Figure 2.
 
Corneal inflammation, NFD, and aqueous tear production after 1 week of treatment with BSS or BAK. (A) Hematoxylin–eosin staining of corneas treated with BSS are compact with no inflammation. (B) Corneas treated with 0.1% BAK have corneal edema and inflammatory cells (arrowhead points to neutrophils). (C) Whole mount confocal immunostaining with CD11b and F4/80 antibody for inflammatory cells show normal nerves and the absence of inflammatory cells in BSS-treated corneas. (D and E). In 0.1% BAK-treated corneas, nerve fluorescence is lost and inflammation is present The YFP+ inflammatory cells in D and E (green), CD11b antibody (D, red), and F4/80 antibody (E, red) colocalize (D and E, arrowheads). (F) The YFP+ cells are present in the bone marrow as yellow fluorescent spheres. (G) Immunostaining with leukocyte common antigen (CD45) antibody (G, red) confirmed that YFP+ cells are of hematopoietic lineage. (H) Graph shows that corneal NFD was significantly less after 1 week of 0.01% BAK treatment and 0.1% BAK, but there was no change in NFD with BSS treatment. (I) Graph shows that YFP+ inflammatory cells were significantly increased after 1 week of 0.01% BAK treatment and 0.1% BAK. The inflammatory cells in normal and BSS-treated corneas were less that 10 cells/cornea, therefore the bars are not visible in the graph. (J) Graph shows that aqueous tear production was significantly less after 1 week of 0.01% and 0.1% BAK, but there was no change in tear production with BSS treatment. *P < 0.05, White scale bar for C, D, and E = 20 μm, F = 50 μm, and G = 10 μm.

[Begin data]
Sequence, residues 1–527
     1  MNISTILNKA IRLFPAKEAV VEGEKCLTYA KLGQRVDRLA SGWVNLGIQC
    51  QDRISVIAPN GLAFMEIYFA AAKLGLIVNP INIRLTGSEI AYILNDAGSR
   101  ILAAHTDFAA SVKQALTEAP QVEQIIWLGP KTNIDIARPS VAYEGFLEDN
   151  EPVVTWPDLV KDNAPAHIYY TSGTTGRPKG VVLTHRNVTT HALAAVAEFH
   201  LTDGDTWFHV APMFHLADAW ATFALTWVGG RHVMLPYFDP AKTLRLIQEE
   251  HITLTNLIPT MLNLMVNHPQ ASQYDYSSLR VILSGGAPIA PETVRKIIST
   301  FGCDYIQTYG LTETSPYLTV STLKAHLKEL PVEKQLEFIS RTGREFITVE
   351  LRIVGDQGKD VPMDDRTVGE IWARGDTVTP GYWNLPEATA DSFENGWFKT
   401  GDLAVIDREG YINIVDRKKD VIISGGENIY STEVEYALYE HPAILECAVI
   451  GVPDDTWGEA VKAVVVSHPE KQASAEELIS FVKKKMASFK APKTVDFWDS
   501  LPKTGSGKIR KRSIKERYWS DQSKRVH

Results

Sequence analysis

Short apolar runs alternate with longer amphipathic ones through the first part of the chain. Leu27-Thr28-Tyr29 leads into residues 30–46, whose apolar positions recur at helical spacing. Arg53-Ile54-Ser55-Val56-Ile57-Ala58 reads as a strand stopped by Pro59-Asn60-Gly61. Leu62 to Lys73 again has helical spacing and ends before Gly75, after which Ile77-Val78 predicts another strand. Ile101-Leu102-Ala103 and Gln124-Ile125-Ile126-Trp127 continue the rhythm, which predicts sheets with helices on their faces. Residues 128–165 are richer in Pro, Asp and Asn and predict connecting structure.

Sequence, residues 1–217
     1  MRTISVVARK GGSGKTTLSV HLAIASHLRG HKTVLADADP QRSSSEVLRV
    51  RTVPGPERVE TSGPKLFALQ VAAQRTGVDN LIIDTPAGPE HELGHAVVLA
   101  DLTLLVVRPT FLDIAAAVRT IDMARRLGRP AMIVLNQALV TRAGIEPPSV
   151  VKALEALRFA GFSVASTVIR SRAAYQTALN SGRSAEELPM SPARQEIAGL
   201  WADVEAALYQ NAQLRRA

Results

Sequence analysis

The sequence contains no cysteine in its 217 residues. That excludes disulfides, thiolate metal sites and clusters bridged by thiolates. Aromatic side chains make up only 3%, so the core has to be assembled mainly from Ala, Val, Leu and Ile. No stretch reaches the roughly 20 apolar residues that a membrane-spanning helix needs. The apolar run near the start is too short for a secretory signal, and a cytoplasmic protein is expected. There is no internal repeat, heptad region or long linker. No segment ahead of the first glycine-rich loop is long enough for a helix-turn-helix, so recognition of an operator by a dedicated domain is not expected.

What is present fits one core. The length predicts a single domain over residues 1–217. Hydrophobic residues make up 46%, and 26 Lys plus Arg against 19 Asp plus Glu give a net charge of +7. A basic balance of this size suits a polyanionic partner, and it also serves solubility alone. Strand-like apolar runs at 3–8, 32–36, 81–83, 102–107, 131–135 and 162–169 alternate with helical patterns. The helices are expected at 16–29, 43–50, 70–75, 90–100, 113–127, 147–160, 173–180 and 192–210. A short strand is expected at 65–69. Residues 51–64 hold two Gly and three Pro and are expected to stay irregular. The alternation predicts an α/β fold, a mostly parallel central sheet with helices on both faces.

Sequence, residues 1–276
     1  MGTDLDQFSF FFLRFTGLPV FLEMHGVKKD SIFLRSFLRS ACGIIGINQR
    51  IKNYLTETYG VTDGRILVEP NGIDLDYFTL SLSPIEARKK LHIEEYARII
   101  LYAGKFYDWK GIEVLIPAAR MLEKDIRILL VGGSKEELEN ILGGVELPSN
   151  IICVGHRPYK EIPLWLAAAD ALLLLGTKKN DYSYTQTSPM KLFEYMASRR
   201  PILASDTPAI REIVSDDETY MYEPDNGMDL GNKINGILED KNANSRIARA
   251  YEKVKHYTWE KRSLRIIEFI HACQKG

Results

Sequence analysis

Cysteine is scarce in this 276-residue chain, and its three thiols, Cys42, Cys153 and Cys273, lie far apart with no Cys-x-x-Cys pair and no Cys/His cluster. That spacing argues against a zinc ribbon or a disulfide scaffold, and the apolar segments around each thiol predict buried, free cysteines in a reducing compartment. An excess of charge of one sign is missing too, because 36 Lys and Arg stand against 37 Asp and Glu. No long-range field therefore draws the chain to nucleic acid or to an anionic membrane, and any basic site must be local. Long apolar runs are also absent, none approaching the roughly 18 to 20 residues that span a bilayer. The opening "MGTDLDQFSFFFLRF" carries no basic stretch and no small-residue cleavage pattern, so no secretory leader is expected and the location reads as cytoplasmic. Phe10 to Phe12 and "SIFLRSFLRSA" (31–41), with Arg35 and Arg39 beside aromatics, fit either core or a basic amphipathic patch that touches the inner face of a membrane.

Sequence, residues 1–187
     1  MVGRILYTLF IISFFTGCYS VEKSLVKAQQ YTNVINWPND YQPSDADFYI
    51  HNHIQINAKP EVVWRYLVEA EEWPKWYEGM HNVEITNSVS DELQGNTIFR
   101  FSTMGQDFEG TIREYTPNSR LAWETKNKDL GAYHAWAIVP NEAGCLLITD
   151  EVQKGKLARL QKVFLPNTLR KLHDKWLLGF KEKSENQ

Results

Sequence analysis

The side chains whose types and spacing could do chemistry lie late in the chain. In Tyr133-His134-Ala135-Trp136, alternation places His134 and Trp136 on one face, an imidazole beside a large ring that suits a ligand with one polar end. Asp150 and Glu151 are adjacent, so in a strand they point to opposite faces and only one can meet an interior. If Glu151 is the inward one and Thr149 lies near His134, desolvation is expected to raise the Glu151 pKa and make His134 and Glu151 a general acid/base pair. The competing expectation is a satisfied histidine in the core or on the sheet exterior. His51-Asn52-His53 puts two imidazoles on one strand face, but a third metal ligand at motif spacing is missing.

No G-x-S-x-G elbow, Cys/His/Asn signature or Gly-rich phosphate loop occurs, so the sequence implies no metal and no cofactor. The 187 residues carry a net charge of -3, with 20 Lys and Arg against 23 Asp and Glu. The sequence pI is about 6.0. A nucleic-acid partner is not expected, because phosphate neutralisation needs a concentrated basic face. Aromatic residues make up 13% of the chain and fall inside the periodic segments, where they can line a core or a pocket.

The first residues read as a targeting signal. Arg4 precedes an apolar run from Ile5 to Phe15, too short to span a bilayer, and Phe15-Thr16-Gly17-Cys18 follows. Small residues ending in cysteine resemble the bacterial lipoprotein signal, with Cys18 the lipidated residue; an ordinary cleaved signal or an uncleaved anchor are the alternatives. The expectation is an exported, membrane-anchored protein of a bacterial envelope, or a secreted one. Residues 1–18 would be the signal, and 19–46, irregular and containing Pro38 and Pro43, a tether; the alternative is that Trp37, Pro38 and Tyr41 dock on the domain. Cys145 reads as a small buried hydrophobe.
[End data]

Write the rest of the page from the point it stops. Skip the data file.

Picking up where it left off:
Figure 2.